Presentation: Zero Energy Ready Home Training
    (19 MB)
    Author(s): Rashkin
    Organization(s): DOE

Videos

  1. Author(s): Advanced Energy
    Organization(s): Advanced Energy

    Brian Coble, Director of High Performance Homes for Advanced Energy provides best practices on "Proper Installation of Insulation" as he walks viewers through an ENERGY STAR Home and points out every area of a home that must be insulated to meet RESNET Grade 1 Insulation Installation Requirements. Video 1 of 3.

  2. Author(s): Advanced Energy
    Organization(s): Advanced Energy

    Brian Coble, Director of High Performance Homes for Advanced Energy provides best practices on "Proper Installation of Insulation" as he walks viewers through an ENERGY STAR Home and points out every area of a home that must be insulated to meet RESNET Grade 1 Insulation Installation Requirements. Video 2 of 3.

  3. Author(s): Advanced Energy
    Organization(s): Advanced Energy

    Brian Coble, Director of High Performance Homes for Advanced Energy provides best practices on "Proper Installation of Insulation" as he walks viewers through an ENERGY STAR Home and points out every area of a home that must be insulated to meet RESNET Grade 1 Insulation Installation Requirements. Video 3 of 3.

  4. Insulation Installation (RESNET Grade 1) - Part 1
    Publication Date: July, 2015
    Courtesy Of: Certainteed

    Video describing how to properly install the OPTIMA insulation system.   

  5. Insulation Installation (RESNET Grade 1) - Part 2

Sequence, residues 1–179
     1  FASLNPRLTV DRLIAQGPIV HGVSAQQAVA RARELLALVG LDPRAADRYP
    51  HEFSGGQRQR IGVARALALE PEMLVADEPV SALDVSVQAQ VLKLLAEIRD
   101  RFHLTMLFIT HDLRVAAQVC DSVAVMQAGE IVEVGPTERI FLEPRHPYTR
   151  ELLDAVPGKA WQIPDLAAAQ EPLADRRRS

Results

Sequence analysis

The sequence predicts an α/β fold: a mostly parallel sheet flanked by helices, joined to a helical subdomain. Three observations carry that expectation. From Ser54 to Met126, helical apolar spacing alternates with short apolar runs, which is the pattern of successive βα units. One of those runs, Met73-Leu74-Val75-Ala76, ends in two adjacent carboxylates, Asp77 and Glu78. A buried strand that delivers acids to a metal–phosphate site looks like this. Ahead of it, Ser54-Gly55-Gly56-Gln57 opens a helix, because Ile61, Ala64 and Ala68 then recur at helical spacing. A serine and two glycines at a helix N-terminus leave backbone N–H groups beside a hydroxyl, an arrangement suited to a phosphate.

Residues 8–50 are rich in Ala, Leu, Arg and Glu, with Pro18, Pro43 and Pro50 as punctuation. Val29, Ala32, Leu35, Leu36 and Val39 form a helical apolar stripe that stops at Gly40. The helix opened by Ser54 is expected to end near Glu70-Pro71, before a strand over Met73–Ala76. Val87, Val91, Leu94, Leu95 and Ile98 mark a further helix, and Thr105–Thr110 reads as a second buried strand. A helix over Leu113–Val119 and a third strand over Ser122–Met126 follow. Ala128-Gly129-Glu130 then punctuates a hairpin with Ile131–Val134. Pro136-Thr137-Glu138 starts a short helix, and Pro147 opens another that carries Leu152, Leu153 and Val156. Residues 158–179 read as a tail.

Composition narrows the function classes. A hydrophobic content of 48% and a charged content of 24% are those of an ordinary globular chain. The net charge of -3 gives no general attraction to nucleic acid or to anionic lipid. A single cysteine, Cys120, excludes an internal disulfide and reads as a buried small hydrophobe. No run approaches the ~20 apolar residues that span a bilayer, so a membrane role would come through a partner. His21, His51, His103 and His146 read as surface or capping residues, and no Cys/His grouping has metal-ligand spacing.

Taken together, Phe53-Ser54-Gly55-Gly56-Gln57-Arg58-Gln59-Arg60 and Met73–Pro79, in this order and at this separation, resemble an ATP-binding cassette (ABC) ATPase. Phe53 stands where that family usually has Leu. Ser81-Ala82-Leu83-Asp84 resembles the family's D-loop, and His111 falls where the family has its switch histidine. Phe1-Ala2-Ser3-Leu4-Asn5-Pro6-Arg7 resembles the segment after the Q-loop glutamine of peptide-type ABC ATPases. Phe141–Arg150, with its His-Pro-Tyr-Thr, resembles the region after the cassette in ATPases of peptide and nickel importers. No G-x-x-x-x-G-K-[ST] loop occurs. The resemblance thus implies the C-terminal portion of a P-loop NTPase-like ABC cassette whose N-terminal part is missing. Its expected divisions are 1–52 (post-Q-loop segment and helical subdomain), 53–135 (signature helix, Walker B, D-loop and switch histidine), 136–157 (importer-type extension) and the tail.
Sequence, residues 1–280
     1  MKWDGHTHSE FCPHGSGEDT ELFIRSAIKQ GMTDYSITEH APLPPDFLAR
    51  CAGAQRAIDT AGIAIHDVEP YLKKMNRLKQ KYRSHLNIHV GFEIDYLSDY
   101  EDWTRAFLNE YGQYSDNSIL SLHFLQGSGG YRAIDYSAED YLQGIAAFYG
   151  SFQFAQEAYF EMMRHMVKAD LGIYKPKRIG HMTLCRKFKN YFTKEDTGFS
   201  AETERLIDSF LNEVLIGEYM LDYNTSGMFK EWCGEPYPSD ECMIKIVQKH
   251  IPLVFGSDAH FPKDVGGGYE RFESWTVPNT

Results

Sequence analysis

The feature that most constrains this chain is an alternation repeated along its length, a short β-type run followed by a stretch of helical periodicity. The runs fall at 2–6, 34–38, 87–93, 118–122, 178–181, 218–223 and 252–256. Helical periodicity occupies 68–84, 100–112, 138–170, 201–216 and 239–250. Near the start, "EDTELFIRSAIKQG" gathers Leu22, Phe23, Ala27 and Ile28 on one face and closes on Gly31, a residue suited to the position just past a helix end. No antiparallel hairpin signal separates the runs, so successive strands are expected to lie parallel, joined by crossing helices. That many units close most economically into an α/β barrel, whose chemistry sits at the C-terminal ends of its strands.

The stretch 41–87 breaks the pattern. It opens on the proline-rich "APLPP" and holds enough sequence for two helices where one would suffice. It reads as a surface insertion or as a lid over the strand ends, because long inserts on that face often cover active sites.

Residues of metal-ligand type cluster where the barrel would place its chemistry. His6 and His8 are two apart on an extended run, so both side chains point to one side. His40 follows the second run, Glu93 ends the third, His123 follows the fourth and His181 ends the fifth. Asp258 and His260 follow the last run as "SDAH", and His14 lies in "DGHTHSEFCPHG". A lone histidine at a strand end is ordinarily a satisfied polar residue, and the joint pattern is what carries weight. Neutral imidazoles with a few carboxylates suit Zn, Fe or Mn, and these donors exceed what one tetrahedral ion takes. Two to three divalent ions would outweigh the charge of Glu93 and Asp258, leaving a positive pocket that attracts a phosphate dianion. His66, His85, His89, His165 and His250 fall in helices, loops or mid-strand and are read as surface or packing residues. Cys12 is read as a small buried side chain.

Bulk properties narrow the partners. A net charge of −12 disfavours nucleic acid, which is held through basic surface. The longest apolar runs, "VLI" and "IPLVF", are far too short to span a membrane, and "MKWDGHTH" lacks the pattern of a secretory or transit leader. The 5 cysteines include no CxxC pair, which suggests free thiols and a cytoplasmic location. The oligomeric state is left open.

Publication Date: July, 2015
    Courtesy Of: NAIMA

    Video describing how to properly install insulation.

CAD Images

None Available

Compliance

ENERGY STAR Certified Homes

ENERGY STAR Certified Homes (Version 3/3.1, Revision 08), Rater Field Checklist

Thermal Enclosure System:

1. High-Performance Fenestration & Insulation: 

1.3 All insulation achieves RESNET-defined Grade I installation. See Footnote 4 for alternatives.4 

Footnotes:

(4) Two alternatives are provided: a) Grade II cavity insulation is permitted to be used for assemblies that contain a layer of continuous, air impermeable insulation ≥ R-3 in Climate Zones 1 to 4, ≥ R-5 in Climate Zones 5 to 8; b) Grade II batts are permitted to be used in floors if they fill the full depth of the floor cavity, even when compression occurs due to excess insulation, as long as the R-value of the batts has been appropriately assessed based on manufacturer guidance and the only defect preventing the insulation from achieving Grade I is the compression caused by the excess insulation.

ENERGY STAR Revision 08 requirements are required for homes permitted starting 07/01/2016.

DOE Zero Energy Ready Home (Rev 04)

Exhibit 1: Mandatory Requirements: Item 1, Homes must be certified under ENERGY STAR Qualified Homes Version 3.
Item 2, Ceiling, wall, floor, and slab insulation shall meet or exceed 2012 or 2015 IECC levels.

Exhibit 2: Design the home to meet the HERS index of the DOE Zero Energy Ready Home Target Home, for which insulation levels must meet the 2012 IECC and achieve Grade 1 installation, per RESNET standards.

Footnotes:

(9) For states where ENERGY STAR Certified Homes Version 3.1 is in effect, DOE Zero Energy Ready Homes shall be certified under ENERGY STAR Certified Homes Version 3.1. The implementation timeline for Version 3.1 is located online at: http://www.energystar.gov/index.cfm?c=bldrs_lenders_raters.nh_v3_1.